America’s current political climate is full of closed-mindedness and division, perhaps more so than any time in the nation’s history. Tribalism, the evil possibility of factions that James Madison outlines in Federalist №10, has reached a new height with groups denouncing the other as, at best, crazy, and at worst, evil; currently, arguments are judged, not on the basis of the truth of their premises or logic, but by the identity of the person making it. …


It’s true. Lashana Lynch will be portraying the new Agent 007, with the “James Bond” acting in a retirement role. How you react to the news determines how closely you’ve been following the 57-year-old film series and how well you understand the actual character and its place within Cold War culture.

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Lashana Lynch

Indifferent at worst. That’s my reaction. At best, I’m glad to see it’s finally over and done with. The idea of a female Bond — let’s be honest about what’s happening — has been toyed with as early as the 1990’s. And it’s a wonderful idea. …


In the last nine months, I have had 1,043 and one-half conversations about college. 387 people have asked me where I’ll be next fall — aunts, teachers, friends, people whom I don’t know but nonetheless follow me on Instagram, little league coaches, Chick-Fil-A employees (they insisted it was their pleasure to ask), and a ripped man named Antonio who spotted me for one struggle of a set at the gym. You might be wondering, how does one have “one half” a conversation about college? …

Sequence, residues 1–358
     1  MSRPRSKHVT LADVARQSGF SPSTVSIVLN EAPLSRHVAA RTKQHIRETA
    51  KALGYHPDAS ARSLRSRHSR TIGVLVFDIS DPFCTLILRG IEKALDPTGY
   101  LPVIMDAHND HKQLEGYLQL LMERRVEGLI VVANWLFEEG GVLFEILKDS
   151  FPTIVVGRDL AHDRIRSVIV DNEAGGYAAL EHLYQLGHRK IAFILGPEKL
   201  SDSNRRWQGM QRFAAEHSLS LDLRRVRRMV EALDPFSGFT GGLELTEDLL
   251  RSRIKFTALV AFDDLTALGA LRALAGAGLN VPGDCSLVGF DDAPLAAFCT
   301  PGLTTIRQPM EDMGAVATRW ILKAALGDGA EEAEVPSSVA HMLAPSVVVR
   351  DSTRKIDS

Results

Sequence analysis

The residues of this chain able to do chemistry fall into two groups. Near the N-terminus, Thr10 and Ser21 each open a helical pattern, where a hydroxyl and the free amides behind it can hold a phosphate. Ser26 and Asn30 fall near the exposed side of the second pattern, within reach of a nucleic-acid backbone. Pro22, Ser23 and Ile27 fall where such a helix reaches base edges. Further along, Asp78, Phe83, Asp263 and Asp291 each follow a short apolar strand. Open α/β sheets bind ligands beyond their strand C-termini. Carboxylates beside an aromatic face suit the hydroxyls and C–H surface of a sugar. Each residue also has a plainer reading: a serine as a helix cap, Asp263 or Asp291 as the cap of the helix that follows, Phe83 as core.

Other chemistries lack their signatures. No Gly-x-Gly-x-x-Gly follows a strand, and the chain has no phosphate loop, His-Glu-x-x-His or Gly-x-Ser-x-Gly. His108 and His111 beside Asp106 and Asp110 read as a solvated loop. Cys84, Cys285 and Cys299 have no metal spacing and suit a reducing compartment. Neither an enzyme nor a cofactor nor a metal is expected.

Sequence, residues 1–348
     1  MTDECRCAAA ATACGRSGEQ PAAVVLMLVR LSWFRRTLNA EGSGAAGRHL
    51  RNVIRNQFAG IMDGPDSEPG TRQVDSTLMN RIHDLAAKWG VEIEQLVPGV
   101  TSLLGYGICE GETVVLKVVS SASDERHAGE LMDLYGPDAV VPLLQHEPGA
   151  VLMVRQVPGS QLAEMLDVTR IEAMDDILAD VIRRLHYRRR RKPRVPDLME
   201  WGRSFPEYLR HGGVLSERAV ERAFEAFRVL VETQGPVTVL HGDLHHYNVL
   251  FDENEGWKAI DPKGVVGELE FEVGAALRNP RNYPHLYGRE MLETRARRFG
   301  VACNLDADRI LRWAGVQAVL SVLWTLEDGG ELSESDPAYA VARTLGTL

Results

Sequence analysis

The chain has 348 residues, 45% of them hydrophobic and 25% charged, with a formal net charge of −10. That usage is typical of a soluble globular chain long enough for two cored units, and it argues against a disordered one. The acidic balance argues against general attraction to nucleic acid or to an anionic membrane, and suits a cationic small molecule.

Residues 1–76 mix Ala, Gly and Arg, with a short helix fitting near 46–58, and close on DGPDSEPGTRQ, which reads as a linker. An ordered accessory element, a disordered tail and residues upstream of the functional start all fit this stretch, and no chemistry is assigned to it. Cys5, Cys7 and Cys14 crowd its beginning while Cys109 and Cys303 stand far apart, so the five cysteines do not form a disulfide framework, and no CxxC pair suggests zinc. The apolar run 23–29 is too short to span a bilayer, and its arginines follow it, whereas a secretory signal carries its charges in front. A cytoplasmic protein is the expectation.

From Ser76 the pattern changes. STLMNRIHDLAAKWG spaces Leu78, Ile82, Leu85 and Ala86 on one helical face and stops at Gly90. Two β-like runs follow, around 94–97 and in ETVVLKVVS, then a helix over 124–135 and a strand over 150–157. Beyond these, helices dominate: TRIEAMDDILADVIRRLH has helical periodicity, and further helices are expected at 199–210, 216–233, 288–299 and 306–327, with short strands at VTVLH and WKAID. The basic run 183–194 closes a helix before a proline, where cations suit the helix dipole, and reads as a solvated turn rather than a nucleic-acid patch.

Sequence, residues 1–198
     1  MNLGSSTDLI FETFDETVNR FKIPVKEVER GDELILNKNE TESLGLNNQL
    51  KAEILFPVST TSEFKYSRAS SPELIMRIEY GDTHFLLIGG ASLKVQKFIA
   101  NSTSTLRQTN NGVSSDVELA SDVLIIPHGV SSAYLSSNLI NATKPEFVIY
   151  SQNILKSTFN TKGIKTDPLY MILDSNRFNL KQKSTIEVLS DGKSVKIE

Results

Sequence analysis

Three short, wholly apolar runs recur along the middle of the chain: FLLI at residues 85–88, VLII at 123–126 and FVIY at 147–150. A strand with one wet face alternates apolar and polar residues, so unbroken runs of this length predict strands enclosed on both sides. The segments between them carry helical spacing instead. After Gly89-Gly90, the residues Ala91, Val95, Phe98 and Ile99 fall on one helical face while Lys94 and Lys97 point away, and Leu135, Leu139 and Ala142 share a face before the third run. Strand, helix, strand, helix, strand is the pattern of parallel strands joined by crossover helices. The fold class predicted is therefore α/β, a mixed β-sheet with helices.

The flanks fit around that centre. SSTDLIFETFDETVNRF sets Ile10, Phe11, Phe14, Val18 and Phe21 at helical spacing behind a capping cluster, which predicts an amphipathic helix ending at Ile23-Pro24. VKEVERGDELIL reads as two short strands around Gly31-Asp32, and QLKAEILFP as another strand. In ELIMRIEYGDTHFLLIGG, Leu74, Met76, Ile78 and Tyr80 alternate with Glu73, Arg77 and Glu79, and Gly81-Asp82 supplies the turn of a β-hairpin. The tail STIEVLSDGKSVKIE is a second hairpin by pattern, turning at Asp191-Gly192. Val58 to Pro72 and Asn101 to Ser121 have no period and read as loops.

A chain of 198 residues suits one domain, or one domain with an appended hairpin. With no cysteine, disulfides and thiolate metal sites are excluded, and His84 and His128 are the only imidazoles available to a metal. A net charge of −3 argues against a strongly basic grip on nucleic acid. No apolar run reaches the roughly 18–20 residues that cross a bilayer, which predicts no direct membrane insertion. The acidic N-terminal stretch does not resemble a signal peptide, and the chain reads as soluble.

My family played a card game two hours after we put grandma in the cold Oregon ground. To be specific, we played Cards Against Humanity — a party game for horrible people, as it says on the little black box. I think that’s a fair description — of my family that is. We don’t have any criminals or abusers or perverts; well I take that back, Uncle Tommy did get into a fight with two Jehovah’s Witnesses and spent the night in a prison cell once. I guess what I’m trying to say is that my family isn’t the type of horrible that makes for interesting television like Hannibal Lecter or the Kardashians. It’s one of those indescribable things like how certain people just make the skin between your knuckles itchy and humid. It’s that kind of feeling that words can only diminish. …


A few years ago, I had the honor of attending a writer’s workshop led by Jane Unrue and Shahriar Mandanipour. Professor Unrue, director of Harvard’s Scholars-At-Risk program, and Mandanipour, perhaps the most accomplished Iranian writer of the 20th century, passed along many tips and lessons on the art of storytelling. In the wake of the Christchurch tragedy, after viewing an edited version of the Christchurch shooter’s live-stream video, all I could do was think back on what Shariar told me one day after the workshop:

There are some events that are so traumatic, so influential, that words seem meaningless and even disrespectful as an attempt to describe them or their impact. It is not until a writer reaches some amount of emotional distance from that event, that they can begin to understand and form…